Today: 08.Jul.2020

Barry Brook, Faculty of Science, Engineering & Technology, U. of Tasmania, Australia & Staffan Qvist, Dept. of Physics and Astrophysics, Uppsala University, Sweden: This documents the excellent French and Swedish nuclear power plant construction programs in the 1960s to 1990s. It then extrapolates to a prediction that the whole world could be on 100 % nuclear power within 25 - 34 years. This must assume that the rest of the world has similar government support and cooperation, similar stable, honest leadership, sound economies, industrial capabilities, education systems, etc. and that the construction companies and nuclear fuel demands for France and Sweden can be quickly increased to those of the whole world. It assumes that the world will use the same nuclear technology as the Swedish and French programs of the 1970s to 90s. In reality, it may take several hundred years to replace 50% of fossil fuels with advanced nuclear technologies that still need development and testing.

Published in Fission - uranium fuel

John Shanahan, Dr. Ing., Civil Engineer: With financial and management situations of Toshiba, Westinghouse, Areva, and GE in the nuclear power business, the world's capability to build new nuclear power plants has obviously been set back. China, Russia and South Korea are now the leading sources of new nuclear power plants. How France and the United States might make a come back is not known at this time. This is a simple estimate of how long it might take to have nuclear become 50% of the world's electric generating capacity. The conclusion is that it will probably take several hundred years to get to 50% nuclear electric generating capacity. This has significant implications for energy planning.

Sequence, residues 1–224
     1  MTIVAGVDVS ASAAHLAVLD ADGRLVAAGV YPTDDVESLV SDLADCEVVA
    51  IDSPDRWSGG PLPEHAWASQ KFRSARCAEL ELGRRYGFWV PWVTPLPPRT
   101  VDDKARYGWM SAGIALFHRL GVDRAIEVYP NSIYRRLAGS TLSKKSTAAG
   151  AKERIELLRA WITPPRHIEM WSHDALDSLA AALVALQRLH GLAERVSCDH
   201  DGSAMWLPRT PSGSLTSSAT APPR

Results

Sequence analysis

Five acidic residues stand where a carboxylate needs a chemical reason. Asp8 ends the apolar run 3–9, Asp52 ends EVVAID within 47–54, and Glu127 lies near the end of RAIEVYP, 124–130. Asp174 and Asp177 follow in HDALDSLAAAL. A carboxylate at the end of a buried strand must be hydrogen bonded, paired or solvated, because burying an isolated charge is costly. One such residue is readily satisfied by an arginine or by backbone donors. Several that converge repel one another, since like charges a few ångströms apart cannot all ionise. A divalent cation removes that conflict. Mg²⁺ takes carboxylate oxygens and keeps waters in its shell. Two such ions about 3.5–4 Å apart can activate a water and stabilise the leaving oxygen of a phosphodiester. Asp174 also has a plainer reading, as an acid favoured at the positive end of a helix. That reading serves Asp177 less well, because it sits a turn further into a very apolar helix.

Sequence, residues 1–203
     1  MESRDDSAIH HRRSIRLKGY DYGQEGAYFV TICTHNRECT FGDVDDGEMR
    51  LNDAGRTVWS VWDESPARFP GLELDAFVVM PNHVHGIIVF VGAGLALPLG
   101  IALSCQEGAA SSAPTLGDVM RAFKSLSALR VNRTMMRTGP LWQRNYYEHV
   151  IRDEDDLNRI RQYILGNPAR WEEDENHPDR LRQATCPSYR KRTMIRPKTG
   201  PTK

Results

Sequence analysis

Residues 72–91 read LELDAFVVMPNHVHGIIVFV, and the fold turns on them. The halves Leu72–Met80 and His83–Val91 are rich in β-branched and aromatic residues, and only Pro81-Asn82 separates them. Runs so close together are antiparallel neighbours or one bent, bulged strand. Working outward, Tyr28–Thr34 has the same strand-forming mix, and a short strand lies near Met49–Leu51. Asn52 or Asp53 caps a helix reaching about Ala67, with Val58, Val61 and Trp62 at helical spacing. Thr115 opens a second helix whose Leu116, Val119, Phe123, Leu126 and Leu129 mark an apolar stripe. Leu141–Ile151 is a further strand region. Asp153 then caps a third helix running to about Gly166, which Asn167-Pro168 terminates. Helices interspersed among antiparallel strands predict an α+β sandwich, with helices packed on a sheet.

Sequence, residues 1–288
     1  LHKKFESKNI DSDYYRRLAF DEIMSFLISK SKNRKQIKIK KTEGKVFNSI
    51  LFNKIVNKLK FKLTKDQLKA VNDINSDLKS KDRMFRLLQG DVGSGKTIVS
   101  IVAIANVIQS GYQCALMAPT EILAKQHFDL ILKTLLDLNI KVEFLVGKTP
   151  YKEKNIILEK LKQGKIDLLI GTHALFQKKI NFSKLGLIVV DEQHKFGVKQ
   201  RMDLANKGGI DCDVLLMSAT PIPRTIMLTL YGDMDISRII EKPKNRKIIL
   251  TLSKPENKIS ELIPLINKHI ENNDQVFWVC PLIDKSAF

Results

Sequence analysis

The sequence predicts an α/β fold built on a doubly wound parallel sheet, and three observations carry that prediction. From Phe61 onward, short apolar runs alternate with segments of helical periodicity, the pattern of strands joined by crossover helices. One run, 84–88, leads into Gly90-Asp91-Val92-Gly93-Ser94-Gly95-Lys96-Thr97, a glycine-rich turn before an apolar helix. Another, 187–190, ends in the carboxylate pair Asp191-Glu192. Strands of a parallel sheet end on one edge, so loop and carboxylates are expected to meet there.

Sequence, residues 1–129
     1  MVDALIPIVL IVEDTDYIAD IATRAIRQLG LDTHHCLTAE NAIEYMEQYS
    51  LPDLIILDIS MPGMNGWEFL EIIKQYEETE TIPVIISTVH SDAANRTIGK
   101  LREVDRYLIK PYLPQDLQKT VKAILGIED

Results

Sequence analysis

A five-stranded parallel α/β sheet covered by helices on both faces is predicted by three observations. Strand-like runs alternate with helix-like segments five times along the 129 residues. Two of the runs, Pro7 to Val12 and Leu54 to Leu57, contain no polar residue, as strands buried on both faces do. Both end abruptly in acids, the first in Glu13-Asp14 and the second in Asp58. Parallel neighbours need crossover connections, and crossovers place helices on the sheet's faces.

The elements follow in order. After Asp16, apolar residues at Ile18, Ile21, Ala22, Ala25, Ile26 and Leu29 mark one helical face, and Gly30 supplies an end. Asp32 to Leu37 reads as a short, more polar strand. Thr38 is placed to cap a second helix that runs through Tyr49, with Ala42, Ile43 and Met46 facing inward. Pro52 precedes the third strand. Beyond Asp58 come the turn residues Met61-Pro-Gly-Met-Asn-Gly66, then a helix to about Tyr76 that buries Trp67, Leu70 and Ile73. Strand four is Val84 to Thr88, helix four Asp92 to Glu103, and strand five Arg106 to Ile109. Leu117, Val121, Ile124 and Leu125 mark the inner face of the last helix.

Published in Fission - uranium fuel

Debalina Ghoshal, Gatestone Institute International Policy Council: China is working the most to expand the use of nuclear power on land and sea. In April 2016, reports began coming in that China has plans to build floating nuclear power plants in the South China Sea. Final assembly of the reactor is reported to start in coastal city of Huludao, in Liaoning province, and will be built by Bohai Shipbuilding Heavy Industry Co Ltd, a unit of China Shipbuilding Industry Corp (CSIC). China's 2016 nuclear plan, a component of the China's 13th five-year plan, is evidently to complete 58 nuclear reactors by 2020 and build another 100 gigawatt-sized reactors by 2030.

Published in Fission - uranium fuel

Theodore (Ted) Rockwell retired founding partner and board member, MPR Associates, died on March 31, 2013. He was born on June 26, 1922, in Chicago and earned MS and BS degrees in chemical engineering at Princeton University. In 1960 he was awarded an honorary Sc.D. degree for contributions to the development of nuclear power. Ted was a prolific writer and speaker on technical topics, wrote popular interest articles, and established a blog, “Learning about Energy.” He edited the Reactor Shielding Manual, the fundamental reference used worldwide since its initial publication in 1956. The closing words on Ted’s life are also his own: “I like to stir up spirited discussions on important issues. Socially, I like to comfort the afflicted and afflict the comfortable.”

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